January 04, 2015

by Rev. Dr. Donna Schaper
Senior Minister

To Grandmother’s House We went! It seemed like a good idea at the time. Driving to Miami allowed us to bring our new puppy, Sybil the Great, visit my partner’s family in D.C. on the way down, then visit my mother and brother in North Carolina and then get to Pedro’s South of the Border in time for a full Southern cooked freak out. Things went ok on the way down, even though Warren’s back was hurting a lot from some heavy lifting he had done regarding a Mexican stone chess set for the kids during the exchange of Christmakuh gifts the day before we left. The three solid days of torrential rain didn’t really dampen our spirits either. Road trip! Open time and space. When the bumper fell off the car on Christmas Eve, right outside of Vero Beach, we did lose a bit of our sense of humor, only to find it returned by a wise pick up truck driver who came to our aid with some heavy-duty masking tape. We got out of the car on Christmas Eve and into what people in North Miami call an apartment and realized that Warren couldn’t move. The next nine days he lay down, only getting up for the occasional Percocet, obtained at the Emergency Care Center, which like so many things in Miami, is as modest as our apartment was. We realized he couldn’t drive home and would have to fly – and I realized that unless we were abandoning the car over a silly bumper, I was driving it home, with the dog and the masking taped bumper. The car is another story and I won’t bore you with it, till later.

I learned a lot about home these last four days driving the 1285 miles. It did rain the whole way back, again, but less torrentially than on the inbound. Sybil and I continued the practice that our merry threesome had on the way down. We stopped for what we called “Whiz Bangs,” and got to know how many different creamers there are for coffee in the South. Cherry Fizz is one I’d never had before. What I learned about home is here: cell phones can tell you exactly how many miles you are “out,” at any given push of the button. I was as at home at 345 miles to go as I was at 1125 to go. In other words, home is not a place. And by the way, home is a place. We long for home. The longing can be acute, like there is a magnet inside your chest drawing you somewhere.

I know most people spend their holidays hiking on more sacred pilgrimages than frequent whizbangs and coffee flavors. I know many people eat fancy foods instead of white bread sandwiches which do only cost $3.29. Some even hike the Camino de Santiago de Compostela or the Pacific Crest Trail. Home and pilgrimages are delightful sacred sounding boards, so let me get to what I know about the sacred, home and the pilgrimage to it.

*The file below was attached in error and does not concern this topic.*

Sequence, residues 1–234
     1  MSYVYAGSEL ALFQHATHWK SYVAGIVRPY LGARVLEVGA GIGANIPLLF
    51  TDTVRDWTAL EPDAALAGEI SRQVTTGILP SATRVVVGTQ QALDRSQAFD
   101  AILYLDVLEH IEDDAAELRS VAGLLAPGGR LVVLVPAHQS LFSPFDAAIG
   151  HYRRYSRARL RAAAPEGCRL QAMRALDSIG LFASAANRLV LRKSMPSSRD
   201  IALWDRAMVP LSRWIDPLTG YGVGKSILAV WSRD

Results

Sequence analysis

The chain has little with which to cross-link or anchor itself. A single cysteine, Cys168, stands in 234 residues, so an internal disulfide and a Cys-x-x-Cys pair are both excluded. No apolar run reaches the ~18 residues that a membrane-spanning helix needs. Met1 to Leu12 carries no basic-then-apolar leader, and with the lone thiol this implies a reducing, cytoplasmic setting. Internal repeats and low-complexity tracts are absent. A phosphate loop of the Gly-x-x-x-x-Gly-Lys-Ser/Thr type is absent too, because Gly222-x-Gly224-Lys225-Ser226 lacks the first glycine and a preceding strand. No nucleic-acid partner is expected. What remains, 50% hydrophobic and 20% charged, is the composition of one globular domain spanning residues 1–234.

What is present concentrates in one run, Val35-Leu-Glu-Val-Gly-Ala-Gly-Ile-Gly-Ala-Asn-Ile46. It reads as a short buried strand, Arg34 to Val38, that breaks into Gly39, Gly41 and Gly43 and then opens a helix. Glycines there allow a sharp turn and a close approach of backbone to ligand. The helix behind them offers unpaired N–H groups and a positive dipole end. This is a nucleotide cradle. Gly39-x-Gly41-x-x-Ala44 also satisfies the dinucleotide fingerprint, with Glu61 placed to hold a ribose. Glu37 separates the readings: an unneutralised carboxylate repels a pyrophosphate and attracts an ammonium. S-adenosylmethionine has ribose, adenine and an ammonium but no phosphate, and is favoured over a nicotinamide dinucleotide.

Many of us traveled “home” over the holidays, even if we decided to “stay home.” Why? Because there is no place like home. But if your family is like many today, you can have a son with three family units to visit, another son with four, a ninety year old mother who lives half the year with one of your siblings and the other half with another, and more. Divorce and distance are common guests at the holiday table. Home may be like no other – and it can find us on the road at the holidays. We experience our multiple placements, our mobility, our family messes acutely during the time so unfairly simplified by slogans like “to grandmother’s house we go.”
What I learned about home is something I have always known. When I am home, I want to go for a ride. When I am away, I want to get home.

Environmental wisdom understands the value of both local place and global place. We understand exile as well as place, diaspora as well as settled. Sometimes we nickname this wisdom the “glocal.” We know we need roots and that we are often rootless.

Oddly, baptism is a place where we can find both the local and the global integrated. We are baptized into particular, local water. The water may even be polluted, as Steve Thorngate says in a recent Christian Century article. He and his wife walk along the Chicago River, a marvel of muck as well as a marvel of technology. Once dirty, it is now (sort of) clean. Thorngate also reminds us that he was baptized in his pastor’s swimming pool. He brings us to a theology of baptism that is glocal, saying that he is drawn, magnetically, to whatever water is closest by. Speaking of the theologian Martin Luther, he reminds us of Luther’s great flood prayer, “Through the baptism of your dear son, you sanctified and set apart the Jordan and all waters as blessed.” Indeed we may get a glimpse of Jesus the man at Bethany, becoming particular, and Jesus the God, as he began his adult wandering.